Two things I wanted to bring up on related points:
1) As far as Vietnam: I totally agree about counter-insurgency - that's not really an AB thing, and even with the Chechnya mod it's a bit of a) creative license (i.e. using some pretty unrealistic mechanics to get reasonably realistic outcomes); and b) the fact that there was a semi-conventional phase to that conflict.
But while it's true that Vietnam was mostly an asymmetric, counter-insurgency war - not all of it was. There were conventional, armor-heavy phases to it. For example, in the area around An Loc (north of Saigon) there were at least 3 separate campaigns (1968, 1972, 1975) that involved a large number of North Vietnamese tanks as the main fighting force. I’ve actually toyed around with the idea of making a Vietnam Mod for AB focusing on this area, but figured I’ll hold on and see how things like rice paddy tiles and future air mobility features might develop. Other battles that involved a lot of fairly conventional armor vs. armor forces were Operation Lam Son 719 into Laos in 1971, and the Battle of Quang Tri in the spring of 1972 (where the North Vietnamese even brought in some close air support) - though these were mostly ought by the South Vietnamese army, with US mainly providing air support. And there was another campaign with a major commitment of North Vietnamese armor in 1971, which was asymmetric but in the opposite direction - Campaign Z, fought in the Plain of Jars and culminating in the Battle of Skyline Ridge in 1971, where the irregulars were US-backed Hmong guerrillas who had to face a substantial number of T-34s.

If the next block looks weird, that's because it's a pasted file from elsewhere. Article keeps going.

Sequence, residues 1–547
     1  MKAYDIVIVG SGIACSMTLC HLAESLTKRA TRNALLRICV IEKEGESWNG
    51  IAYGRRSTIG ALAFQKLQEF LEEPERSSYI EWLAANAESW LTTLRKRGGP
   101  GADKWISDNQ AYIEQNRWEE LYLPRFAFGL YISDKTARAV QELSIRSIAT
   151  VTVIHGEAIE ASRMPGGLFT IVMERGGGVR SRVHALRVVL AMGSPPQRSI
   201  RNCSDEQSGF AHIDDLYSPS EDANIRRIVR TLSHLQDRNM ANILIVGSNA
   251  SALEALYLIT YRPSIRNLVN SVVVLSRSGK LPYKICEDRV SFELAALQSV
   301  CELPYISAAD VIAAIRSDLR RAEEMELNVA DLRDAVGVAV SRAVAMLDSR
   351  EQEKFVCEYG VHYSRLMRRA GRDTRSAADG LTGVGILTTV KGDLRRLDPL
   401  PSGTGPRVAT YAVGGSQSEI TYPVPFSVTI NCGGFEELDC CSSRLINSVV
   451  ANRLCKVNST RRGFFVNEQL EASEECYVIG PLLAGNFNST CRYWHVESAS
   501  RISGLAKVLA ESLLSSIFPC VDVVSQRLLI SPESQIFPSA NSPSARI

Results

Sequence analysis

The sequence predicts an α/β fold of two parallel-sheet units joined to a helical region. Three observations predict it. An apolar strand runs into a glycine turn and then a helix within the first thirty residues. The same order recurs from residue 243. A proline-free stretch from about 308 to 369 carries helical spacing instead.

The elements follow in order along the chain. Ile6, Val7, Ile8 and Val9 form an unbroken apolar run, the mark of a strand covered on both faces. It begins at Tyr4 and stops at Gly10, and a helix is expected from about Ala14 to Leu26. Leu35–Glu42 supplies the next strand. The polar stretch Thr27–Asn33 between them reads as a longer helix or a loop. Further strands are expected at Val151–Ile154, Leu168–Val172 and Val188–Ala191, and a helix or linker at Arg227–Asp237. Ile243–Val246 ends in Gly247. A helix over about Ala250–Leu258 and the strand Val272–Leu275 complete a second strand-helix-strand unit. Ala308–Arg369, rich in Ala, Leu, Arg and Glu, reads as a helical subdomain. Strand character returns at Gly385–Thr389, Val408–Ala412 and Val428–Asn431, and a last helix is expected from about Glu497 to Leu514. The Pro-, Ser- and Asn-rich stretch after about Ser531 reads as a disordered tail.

Anyway, point being - while AB is probably not well suited to the Vietnam war as a whole, there are some portions of the war where it may actually work very well indeed.